‘The practice gave me original ideas of what a truly beneficial exercise could be and should be. It should be continued throughout one’s lifetime. It should be an exercise for every part of the body, for the mind, the emotions.’
For fifty dollars I had enrolled in the school of the finest teacher. Every morning whatever the weather, I cycled to Westmount Park and there, with Wolfgang my Shetland sheepdog attached to my waist, began practice with my oak pole. And in the winter months from October to end of March, I wore a hooded, down-filled one-size-larger winter jacket, a woollen shawl and large-sized sheepskin mittens from a sheep farm in Ontario. I have not missed a day in Westmount Park, even during the 1998 Ice Storm. We keep warm not only with clothing but also with food and movement. And cold-water therapy triggers the body’s ability to defend itself against cold.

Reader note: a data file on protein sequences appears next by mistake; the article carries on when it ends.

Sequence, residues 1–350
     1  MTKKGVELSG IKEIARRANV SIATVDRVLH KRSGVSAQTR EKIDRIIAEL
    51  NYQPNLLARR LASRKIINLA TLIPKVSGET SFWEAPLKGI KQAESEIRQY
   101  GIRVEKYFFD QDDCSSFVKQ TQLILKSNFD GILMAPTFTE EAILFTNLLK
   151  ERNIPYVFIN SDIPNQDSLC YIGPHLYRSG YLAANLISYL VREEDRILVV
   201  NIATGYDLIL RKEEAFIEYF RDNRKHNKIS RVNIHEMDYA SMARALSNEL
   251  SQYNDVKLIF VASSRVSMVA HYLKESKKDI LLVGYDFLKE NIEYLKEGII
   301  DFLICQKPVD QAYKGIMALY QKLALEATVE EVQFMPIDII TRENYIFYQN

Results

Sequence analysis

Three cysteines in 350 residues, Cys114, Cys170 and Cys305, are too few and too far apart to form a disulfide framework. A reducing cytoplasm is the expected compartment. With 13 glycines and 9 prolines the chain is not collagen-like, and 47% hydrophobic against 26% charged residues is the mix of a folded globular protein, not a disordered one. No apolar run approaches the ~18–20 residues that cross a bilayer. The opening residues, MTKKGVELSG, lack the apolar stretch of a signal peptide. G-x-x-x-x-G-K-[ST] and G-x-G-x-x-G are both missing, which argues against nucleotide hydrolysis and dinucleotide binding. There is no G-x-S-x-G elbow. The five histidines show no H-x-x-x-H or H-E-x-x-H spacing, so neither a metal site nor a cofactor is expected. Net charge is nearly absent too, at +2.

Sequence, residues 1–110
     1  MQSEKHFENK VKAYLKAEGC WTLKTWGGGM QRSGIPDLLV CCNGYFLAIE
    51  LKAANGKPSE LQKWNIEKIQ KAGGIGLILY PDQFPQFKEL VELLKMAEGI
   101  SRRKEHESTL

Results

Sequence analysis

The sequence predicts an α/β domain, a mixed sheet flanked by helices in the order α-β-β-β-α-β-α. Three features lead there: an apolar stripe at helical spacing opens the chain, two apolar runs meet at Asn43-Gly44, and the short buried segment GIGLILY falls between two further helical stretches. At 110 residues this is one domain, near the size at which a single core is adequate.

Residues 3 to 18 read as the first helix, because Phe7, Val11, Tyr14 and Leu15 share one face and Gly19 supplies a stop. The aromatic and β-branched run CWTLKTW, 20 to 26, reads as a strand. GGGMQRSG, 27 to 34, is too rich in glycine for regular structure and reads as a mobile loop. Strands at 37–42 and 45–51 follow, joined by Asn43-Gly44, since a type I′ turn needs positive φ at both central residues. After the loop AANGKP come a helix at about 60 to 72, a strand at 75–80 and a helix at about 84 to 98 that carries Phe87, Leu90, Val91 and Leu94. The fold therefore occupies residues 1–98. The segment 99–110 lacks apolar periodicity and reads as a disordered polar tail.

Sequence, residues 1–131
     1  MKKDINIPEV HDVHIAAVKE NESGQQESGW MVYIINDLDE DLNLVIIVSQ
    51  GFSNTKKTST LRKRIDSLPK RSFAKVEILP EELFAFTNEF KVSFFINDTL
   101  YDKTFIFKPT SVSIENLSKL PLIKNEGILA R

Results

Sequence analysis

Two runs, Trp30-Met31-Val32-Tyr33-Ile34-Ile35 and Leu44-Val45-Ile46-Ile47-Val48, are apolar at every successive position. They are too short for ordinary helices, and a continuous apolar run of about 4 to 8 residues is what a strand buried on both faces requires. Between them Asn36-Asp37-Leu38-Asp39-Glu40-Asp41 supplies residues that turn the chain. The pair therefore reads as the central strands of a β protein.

The practice gave me original ideas of what a truly beneficial exercise could be and should be. It should be continued throughout one’s lifetime. It should be an exercise for every part of the body, for the mind, the emotions. It is also meditation in movement. Because of the controlled movements of my arms and upper trunk it is especially good for the chest and lungs. When I look alternately at objects far and near, it is also exercise for the eyes. There is no better way to obtain healthy rhythmic circulation of blood throughout the body. Every day new discoveries were made as I increased the range to include facial exercises and balancing on one leg, to wield the pole.
Practicing with a partner, we included:
- ‘Stalking’ each other among bushes and trees, and at a distance alternately ‘attacking’ the other symbolically and ‘defending’ oneself while the other defends and attacks.
- Shooting imaginary arrows into the air with the pole as a bow.
- Rowing a canoe or paddling a boat, all in slow movement.